The Jewish Connection to Jerusalem

Remembering Jerusalem permeates Jewish belief, thought, and practice in profound and powerful ways.

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Remembering Leads to Action

During the centuries following the destruction of the Second Temple in 70 C.E., the Jewish connection to Jerusalem was mostly one of distant hope, but there was always a core of people waiting to visit and live in the city whenever the opportunity presented itself. According to the Church Father Jerome, the Jews of the fourth century would pay for the special privilege of entering Jerusalem on the Ninth of Av in order to mourn. The desire to stand as close to the area on which the Temple stood established the Western Wall area as a focus of pilgrimage and worship from as early as the seventh century.

In 1099, Jews and Muslims fought the Crusader invasion together, standing side by side on the walls of Jerusalem. The great rabbi Nachmanides arrived in the city from Spain between 1265-67, establishing a synagogue that still exists, the kernel around which the present Jewish Quarter grew. By 1844, the Jewish community was the largest single community in Jerusalem, numbering 7,120 people (almost one half of all inhabitants).

In modernity, the powerful pull of Jerusalem is expressed in the memoirs of Natan Chofshi, one of the early Zionist pioneers who arrived in the Land of Israel 100 years ago from Russia:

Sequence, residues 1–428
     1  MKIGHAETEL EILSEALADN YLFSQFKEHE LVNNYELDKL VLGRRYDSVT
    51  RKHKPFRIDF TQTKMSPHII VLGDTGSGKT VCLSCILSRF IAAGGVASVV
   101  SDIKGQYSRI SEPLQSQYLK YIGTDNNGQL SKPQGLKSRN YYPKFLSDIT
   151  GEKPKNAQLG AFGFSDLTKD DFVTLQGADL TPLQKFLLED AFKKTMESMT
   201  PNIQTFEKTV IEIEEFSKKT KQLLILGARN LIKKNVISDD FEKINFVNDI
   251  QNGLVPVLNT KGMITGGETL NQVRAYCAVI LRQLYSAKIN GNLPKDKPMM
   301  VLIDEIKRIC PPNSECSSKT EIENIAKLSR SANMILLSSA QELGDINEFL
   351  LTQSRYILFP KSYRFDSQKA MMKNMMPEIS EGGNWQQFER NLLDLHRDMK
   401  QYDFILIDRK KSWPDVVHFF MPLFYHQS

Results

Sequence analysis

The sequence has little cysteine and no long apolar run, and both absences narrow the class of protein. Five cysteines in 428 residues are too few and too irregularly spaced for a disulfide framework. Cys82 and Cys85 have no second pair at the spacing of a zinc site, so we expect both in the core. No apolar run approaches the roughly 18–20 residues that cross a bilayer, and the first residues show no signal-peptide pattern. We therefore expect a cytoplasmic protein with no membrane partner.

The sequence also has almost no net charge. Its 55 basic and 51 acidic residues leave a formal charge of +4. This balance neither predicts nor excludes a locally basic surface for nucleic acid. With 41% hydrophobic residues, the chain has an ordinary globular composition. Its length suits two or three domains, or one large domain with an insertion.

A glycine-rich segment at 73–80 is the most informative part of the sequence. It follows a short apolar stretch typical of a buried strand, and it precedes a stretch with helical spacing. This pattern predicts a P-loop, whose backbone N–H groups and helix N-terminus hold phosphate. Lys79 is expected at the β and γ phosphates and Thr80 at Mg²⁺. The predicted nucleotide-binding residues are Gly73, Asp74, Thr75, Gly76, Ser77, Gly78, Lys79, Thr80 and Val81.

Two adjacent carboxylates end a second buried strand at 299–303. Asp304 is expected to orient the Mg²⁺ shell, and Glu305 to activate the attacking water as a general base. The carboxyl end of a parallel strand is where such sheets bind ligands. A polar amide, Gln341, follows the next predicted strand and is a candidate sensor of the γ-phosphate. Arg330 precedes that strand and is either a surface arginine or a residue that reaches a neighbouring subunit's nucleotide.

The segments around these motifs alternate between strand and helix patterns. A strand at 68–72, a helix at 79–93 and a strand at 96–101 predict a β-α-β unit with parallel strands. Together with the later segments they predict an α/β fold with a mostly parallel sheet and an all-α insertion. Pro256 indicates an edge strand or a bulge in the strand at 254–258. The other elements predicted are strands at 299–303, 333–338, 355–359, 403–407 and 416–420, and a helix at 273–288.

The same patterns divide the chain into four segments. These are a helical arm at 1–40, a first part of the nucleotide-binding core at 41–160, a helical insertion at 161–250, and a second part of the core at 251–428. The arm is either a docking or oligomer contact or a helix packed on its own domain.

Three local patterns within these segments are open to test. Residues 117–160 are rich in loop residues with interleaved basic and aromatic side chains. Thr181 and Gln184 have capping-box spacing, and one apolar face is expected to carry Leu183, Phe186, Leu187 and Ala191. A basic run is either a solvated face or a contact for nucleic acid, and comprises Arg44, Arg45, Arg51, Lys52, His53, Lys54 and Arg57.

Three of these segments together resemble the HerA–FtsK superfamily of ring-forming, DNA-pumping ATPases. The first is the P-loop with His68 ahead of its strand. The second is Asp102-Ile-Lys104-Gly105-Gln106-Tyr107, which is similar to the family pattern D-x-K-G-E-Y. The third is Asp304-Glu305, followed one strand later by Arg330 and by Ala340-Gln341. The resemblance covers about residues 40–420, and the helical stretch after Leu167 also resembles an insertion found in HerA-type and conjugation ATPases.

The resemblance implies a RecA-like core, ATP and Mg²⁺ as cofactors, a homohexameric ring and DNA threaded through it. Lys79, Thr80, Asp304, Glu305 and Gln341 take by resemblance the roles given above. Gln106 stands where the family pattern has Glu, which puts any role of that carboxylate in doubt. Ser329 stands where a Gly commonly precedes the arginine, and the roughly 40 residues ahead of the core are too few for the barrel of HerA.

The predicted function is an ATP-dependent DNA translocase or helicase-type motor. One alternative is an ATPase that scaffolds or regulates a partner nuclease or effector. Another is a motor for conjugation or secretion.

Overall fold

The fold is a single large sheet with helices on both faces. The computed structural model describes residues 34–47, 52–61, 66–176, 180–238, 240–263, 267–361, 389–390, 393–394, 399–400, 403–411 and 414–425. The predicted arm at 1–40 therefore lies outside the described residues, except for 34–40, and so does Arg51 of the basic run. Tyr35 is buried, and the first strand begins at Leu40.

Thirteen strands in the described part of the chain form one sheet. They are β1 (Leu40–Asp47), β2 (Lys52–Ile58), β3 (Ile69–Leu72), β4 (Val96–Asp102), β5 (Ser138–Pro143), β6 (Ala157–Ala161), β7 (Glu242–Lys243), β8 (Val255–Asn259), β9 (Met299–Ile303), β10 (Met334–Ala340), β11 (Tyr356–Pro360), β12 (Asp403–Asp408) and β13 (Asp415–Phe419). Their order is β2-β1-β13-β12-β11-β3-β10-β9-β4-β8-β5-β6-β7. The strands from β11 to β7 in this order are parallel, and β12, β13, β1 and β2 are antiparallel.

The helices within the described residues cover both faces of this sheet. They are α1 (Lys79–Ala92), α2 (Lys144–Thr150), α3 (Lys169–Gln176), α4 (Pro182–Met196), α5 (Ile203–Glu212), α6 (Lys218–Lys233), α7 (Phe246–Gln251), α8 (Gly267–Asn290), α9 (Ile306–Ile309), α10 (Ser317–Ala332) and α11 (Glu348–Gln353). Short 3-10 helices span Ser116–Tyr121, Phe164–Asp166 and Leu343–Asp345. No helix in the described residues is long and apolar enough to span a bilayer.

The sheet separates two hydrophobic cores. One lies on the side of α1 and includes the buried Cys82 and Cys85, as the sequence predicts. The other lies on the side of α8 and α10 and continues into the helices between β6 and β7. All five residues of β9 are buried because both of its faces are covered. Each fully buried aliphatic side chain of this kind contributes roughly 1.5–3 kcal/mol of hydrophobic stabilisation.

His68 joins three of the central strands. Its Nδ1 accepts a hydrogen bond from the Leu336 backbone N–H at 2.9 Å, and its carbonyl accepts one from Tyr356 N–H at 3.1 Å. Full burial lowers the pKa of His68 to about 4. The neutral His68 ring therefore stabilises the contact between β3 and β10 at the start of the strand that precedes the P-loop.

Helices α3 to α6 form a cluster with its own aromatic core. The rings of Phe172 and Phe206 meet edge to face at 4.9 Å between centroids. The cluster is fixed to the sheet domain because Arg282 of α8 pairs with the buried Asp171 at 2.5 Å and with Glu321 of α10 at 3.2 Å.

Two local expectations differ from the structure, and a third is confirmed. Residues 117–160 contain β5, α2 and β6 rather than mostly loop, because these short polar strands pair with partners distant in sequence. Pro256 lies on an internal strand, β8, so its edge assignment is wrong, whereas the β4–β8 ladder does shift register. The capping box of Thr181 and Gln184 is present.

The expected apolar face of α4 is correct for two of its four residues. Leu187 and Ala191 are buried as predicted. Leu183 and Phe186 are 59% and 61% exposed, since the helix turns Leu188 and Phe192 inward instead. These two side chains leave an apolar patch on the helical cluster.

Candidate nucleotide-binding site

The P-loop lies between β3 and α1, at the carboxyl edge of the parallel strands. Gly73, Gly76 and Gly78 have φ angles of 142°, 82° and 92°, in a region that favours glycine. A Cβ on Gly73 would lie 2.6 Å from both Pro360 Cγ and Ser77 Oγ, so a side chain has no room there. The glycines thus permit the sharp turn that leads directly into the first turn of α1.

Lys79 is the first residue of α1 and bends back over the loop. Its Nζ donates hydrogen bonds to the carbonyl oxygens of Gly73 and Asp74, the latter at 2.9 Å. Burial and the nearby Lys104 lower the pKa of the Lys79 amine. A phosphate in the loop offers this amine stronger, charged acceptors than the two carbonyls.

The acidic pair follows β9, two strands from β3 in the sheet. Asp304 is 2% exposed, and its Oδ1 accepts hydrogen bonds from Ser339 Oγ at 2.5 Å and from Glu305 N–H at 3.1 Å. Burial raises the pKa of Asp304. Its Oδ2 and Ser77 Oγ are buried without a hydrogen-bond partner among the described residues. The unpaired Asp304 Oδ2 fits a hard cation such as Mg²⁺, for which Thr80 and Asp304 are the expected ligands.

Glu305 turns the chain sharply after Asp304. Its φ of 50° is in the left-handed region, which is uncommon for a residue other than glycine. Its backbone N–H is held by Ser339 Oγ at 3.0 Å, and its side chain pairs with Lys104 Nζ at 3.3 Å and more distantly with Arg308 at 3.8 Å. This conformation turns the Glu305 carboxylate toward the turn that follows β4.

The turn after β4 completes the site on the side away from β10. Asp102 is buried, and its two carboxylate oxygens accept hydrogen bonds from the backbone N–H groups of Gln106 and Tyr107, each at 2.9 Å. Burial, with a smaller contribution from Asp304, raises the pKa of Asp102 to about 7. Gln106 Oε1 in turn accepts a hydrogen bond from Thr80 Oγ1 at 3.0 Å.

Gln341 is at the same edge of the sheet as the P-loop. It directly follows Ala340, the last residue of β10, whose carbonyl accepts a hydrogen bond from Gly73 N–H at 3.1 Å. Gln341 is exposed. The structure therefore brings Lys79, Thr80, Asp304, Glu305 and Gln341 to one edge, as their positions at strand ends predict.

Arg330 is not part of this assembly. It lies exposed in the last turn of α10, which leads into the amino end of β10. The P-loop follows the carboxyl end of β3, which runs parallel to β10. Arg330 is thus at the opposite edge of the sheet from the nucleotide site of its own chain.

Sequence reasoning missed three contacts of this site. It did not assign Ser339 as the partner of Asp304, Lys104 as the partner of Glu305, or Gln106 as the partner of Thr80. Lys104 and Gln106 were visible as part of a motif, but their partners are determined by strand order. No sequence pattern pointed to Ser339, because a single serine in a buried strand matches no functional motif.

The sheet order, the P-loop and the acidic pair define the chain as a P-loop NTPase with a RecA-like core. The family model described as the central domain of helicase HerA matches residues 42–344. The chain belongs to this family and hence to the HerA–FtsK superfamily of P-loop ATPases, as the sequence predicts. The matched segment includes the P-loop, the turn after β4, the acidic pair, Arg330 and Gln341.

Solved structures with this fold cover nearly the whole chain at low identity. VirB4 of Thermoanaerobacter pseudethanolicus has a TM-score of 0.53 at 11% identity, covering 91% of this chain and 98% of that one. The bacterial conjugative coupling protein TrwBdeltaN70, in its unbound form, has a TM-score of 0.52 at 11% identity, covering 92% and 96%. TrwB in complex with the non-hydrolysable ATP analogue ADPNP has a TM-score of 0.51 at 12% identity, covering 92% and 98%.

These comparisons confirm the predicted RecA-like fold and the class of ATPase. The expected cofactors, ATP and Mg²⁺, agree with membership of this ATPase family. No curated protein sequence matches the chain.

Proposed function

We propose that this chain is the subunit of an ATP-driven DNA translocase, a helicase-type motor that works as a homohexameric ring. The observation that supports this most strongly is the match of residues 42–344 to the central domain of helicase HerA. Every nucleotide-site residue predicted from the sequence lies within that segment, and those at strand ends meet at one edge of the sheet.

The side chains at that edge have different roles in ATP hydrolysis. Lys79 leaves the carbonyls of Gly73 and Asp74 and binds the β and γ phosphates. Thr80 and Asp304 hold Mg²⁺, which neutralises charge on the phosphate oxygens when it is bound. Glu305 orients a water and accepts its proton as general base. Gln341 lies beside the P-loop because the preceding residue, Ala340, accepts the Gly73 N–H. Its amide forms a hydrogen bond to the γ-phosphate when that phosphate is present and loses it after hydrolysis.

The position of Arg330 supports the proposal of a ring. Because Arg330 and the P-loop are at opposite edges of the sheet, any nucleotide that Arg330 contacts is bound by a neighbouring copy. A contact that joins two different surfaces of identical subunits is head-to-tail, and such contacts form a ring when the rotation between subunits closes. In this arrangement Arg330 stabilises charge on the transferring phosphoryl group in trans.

"I used to pray…for the return to Zion…I particularly recall the prayers during Rosh Hashanah… 'And on that day the horn will blow proclaiming the return of the lost in Assyria and Egypt and their return to the holy mountain of Jerusalem.' These were sentences my father repeated at the holiday table. I was deeply affected by both the content and the tune of these words, and the tune resounds within me to this day. Thus I undertook the task of combining my own modest abilities and my best efforts…to hasten salvation." 

And now, in our lifetime, we live with the reality of Jerusalem as the capital city of the Jewish State of Israel. This did not just come about on its own, but is the result of the Jewish people's active remembering of Jerusalem throughout the generations, leading to the deeds of pioneers such as Nachmanides and Natan Chofshi. In this way, the prophet Zechariah's words have been fulfilled: "Thus says the Lord of Hosts: The day will come when old men and old women will populate the streets of Jerusalem…And the streets of the city will fill with boys and girls at play" (Zechariah 8:4).

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Rabbi Ed Snitkoff

Rabbi Ed Snitkoff is the Director of the Ramah Israel Seminar and lives in Jerusalem.